The current global, dynamic view of the gene regulatory networks underlying plant development is primarily based on measuring gene expression at the transcriptome level, thus overlooking the substantial role that is played by regulatory processes occurring after mRNA is made. Moreover, evidence has accummulated over the past few years pointing to the existence of a substantial but uncharted fraction of the eukaryotic proteome that is mainly composed of small proteins (peptidome), of roles and functions yet to be discovered. Recent advances in proteomics and high-throughput analyses of translating RNAs (ribosome profiling) have begun to address this challenge, and evidence for functional peptides encoded by sORFs is accumulating. Using Arabidopsis flower development as the model and primary experimental system, the research projects aims to address two key questions: what is the nature and extent of the Arabidopsis peptidome? and, what are the specific functions carried out by this potential myriad of novel peptides/small proteins? Research will involve a combination of genomic, proteomic, genetic technologies as well as bioinformatic approaches.
2018 CRAG SO – 3: Role of microRNAs (miRNAs) in plant immunity: crosstalk between nutrient homeostasis and disease resistance in rice and Arabidopsis
Principal Investigator: Blanca San Segundo
Plants are constantly challenged with numerous adverse environmental conditions, including biotic and abiotic stresses. To survive under such conditions, plants have evolved a variety of mechanisms to perceive and respond in the most appropriated manner to each type of stress. MicroRNAs (miRNAs) are emerging as versatile regulators of gene expression in adaptive responses of plants to environmental stresses. MiRNAs are short regulatory non-coding RNAs that guide gene silencing. The main goal of the project is to decipher miRNA-mediated processes underlying resistance to pathogen infection in plants, and to identify interconnected regulations between disease resistance and nutrient homeostasis. These studies will be carried out in rice and Arabidopsis (model systems for functional genomics in monocotyledonous and dicotyledonous plant species, respectively). The specific objectives are: i) to characterize the relevance of miRNAs in crosstalk between phosphate signaling and immune responses; and ii) to elucidate the role of miR7695, a rice-specific miRNA characterized in our group, in controlling iron homeostasis in the context of disease resistance; and iii) to identify molecular mechanisms governing the interaction between phosphate and iron signaling in disease resistance. The project integrates forward and reverse genetic approaches (CRISPR/Cas9 genome editing, overexpression, mutant analysis), deep sequencing and bioinformatics analyses, nutritional assessments, cytological and histological analysis. The results here obtained and the knowledge generated will contribute to the establishment of novel concepts in the field of plant/pathogen interaction. This should finally help to define new strategies to improve disease resistance in plants that will also benefit breeding programs for crop protection.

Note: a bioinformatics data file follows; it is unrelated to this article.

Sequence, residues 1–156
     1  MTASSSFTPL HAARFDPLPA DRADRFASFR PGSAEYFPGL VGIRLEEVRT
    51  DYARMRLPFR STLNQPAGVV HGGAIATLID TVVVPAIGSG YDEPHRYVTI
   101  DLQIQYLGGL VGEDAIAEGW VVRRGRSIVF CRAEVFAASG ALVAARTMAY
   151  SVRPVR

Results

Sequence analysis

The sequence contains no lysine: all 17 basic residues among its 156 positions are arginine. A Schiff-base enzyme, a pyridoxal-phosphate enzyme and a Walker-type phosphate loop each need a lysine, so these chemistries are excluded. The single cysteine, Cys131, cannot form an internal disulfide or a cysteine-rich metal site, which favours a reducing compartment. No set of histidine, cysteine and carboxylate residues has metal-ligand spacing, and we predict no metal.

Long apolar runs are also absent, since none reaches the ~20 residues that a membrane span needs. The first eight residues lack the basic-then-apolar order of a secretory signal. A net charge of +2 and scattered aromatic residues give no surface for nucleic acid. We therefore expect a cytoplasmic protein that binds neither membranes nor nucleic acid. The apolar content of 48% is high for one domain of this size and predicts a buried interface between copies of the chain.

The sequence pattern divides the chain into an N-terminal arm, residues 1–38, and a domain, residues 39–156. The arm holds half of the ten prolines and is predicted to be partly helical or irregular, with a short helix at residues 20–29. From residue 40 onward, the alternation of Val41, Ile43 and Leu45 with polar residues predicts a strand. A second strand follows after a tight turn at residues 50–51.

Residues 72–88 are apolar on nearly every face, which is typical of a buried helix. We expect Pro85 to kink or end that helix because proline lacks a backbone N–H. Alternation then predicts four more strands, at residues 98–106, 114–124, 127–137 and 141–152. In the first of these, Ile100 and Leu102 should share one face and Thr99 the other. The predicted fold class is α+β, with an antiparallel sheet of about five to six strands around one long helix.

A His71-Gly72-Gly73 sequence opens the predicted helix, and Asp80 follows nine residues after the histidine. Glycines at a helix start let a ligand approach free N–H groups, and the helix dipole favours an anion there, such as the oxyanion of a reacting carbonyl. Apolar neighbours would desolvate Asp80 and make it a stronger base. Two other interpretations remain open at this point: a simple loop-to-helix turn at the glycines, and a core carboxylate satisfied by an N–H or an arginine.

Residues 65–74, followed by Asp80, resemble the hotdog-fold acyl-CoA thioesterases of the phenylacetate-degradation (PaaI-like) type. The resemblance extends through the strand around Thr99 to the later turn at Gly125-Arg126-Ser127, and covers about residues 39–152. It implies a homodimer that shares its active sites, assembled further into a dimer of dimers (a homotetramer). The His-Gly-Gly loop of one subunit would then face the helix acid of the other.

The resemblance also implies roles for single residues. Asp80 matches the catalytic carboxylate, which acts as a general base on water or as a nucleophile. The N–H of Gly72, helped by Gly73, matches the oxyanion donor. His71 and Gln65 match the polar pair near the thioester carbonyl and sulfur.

2017 CRAG SO – 4: Understanding plant domestication through the genomic analysis of ancient emmer wheat from Egypt
Principal Investigator: Laura Botigué
Plant domestication is a topic of interest in a broad range of research fields such as agronomics, genome evolution, archaeology or anthropology. Past limitations in the study of the early domestication process can now be overcome by including ancient samples in crop genomic analysis. Our lab has access to emmer wheat samples excavated in Egypt dated from the Neolithic up to the Roman period. This project aims to extract the DNA from these ancient samples and sequence it to perform downstream genomic analyses that will allow us to answer several questions regarding wheat domestication. Specifically, the PhD candidate will use cutting-edge bioinformatic and statistical tools to work on i) investigating the genomic architecture of Egyptian wheat population through time, including modern wheat; ii) characterizing known phenotypic traits in the ancient samples such as the non-shattering phenotype, and iii) identifying regions of the genome selected during domestication through the comparison of the observed evolution of allele frequencies and computational simulations.
This project is a collaborative effort with University College London and Warwick University and presents an opportunity to learn and develop a wide range of techniques to perform genomic analysis and computational modelling. As a result, new aspects of cereal domestication will be discovered, and a step forward in the identification of genomic regions of interest for domestication will have been made. Furthermore, the PhD student will analyse for the first time genetic data from ancient specimens from different time periods.